It’s time for part two of our Flashback Friday series with Barbara Brackman! Today, she’s discussing shirting prints and showing you some fabrics that we have in stock that were inspired by shirting!
Shirting Prints for Contrast
Shirting is an old name for a print design featuring small, simple figures on a light background color. Figures are set far apart to let lots of background show through so they read almost as a white or ivory. Several designers offer classic shirtings—- the perfect neutral to capture a period look: 1870-1920.
|Antique log cabin block with shirtings as the neutral contrasting with darker prints. About 1880.|
|Woman wearing a shirtwaist dress, about 1900. Fashion demanded shirtings
for everybody so there were plenty of scraps for quilts.
|Betsy’s Basket Poppy Star Chains|
|Kindred Spirit II Cream Dancing Boxes|
|Butter Churn Basics Cream Petal Stitch|
|Cream Bushel Swirl|
|Bramblewood Sable on Parchment Briars|
|Freedom Bound Navy on Cream Wisps|
It’s that easy to let all of your friends and family know what you really want this year! Share your wish list between today and December 15, 2016, for a chance to win a $50 gift certificate! A winner will be selected and posted here on that day.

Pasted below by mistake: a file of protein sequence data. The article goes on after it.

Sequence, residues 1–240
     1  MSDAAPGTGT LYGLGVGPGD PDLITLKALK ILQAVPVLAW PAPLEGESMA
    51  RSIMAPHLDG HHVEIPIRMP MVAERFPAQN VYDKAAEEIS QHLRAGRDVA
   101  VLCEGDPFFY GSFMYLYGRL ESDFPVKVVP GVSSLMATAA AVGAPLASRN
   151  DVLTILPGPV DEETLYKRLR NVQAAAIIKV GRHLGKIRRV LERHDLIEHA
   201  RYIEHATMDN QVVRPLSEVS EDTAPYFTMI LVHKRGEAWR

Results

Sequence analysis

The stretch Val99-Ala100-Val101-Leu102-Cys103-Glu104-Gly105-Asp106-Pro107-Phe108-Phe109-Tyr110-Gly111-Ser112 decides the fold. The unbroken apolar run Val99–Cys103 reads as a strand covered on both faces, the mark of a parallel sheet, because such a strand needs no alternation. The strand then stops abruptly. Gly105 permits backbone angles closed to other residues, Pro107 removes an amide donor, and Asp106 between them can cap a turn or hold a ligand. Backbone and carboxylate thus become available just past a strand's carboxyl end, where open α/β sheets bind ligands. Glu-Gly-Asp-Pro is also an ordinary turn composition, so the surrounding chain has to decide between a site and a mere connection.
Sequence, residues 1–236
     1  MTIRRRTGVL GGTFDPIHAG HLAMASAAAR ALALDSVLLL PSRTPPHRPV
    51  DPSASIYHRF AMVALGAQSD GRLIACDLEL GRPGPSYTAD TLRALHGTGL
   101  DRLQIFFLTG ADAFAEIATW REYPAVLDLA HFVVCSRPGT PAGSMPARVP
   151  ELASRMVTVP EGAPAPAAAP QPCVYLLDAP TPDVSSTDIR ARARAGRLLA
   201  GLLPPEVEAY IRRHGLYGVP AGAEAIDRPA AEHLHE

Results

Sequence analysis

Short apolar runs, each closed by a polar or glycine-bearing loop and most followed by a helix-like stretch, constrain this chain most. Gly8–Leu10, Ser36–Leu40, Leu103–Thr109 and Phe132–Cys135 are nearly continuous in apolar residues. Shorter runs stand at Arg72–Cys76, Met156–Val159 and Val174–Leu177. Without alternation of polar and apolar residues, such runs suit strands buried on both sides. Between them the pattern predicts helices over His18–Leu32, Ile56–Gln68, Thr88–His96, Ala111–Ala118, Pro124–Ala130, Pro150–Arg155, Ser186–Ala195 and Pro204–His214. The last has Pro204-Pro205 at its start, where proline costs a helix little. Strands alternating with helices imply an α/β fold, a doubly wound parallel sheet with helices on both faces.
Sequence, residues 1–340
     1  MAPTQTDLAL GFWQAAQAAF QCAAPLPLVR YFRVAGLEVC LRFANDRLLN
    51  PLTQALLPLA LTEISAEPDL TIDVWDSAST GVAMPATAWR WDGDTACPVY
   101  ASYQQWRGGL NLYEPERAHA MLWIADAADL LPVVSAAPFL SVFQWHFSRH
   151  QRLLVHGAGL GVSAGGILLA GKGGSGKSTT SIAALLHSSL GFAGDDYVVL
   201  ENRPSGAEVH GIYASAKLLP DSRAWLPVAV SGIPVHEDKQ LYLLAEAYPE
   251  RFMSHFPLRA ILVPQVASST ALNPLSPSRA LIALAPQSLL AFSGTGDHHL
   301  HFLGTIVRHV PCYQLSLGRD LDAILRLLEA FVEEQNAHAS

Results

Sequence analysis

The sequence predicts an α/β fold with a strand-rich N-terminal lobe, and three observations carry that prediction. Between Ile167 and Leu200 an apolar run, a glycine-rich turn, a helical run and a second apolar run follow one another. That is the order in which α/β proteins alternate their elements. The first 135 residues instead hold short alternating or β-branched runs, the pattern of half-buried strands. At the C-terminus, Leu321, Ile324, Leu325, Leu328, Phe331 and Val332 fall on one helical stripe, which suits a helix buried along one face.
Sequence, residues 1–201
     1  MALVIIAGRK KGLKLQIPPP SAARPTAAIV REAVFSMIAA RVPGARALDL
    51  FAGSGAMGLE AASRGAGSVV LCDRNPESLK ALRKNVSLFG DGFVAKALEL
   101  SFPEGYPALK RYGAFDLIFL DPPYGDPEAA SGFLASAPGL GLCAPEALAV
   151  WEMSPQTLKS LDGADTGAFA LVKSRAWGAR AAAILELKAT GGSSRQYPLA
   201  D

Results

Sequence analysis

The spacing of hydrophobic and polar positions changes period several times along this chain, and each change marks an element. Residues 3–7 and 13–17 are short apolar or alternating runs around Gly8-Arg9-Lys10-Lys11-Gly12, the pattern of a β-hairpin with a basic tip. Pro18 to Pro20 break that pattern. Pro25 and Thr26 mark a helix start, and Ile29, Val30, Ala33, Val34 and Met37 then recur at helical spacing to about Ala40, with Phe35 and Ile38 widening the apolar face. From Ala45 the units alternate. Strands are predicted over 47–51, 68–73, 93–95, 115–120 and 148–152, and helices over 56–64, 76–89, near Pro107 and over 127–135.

Beckwith by Kathy Hall for Andover:
Paisleys & Madder Orange
No Civil War era repro quilt is co mplete without a few paisleys. Add to your must-have stash with Kathy Hall’s new Beckwith, offering prints echoing the 19th-century craze.
Fashionable woman dating back to around 1850.
That stylized botanical form we might call a paisley shape is borrowed from India’s imagery. The technical name: Boteh from the Hindi word for flower. Paisley refers to an industrial town in Scotland where factory-woven copies of paisley shawls created an affordable fashion fad.
Antique quilt block with a paisley-style print in madder-dyed
shades of orange, red, and dark brown. Circa year 1870.
Inexpensive cotton prints brought a bit of eastern design to western bedding. During the 1860s and ’70s, paisleys in madder-style colors (warm, reddish-browns) were particularly fashionable for ladies’ robes and quilts for the up-to-date boudoir.
The Beckwith collection includes several prints to add that authentic, cinnamon orange that was found in old, natural dyes, to your vintage-inspired project!
What do you think of the paisley and madder orange vintage trend? Do you have a pattern in mind that you’d love to plug these fabrics into?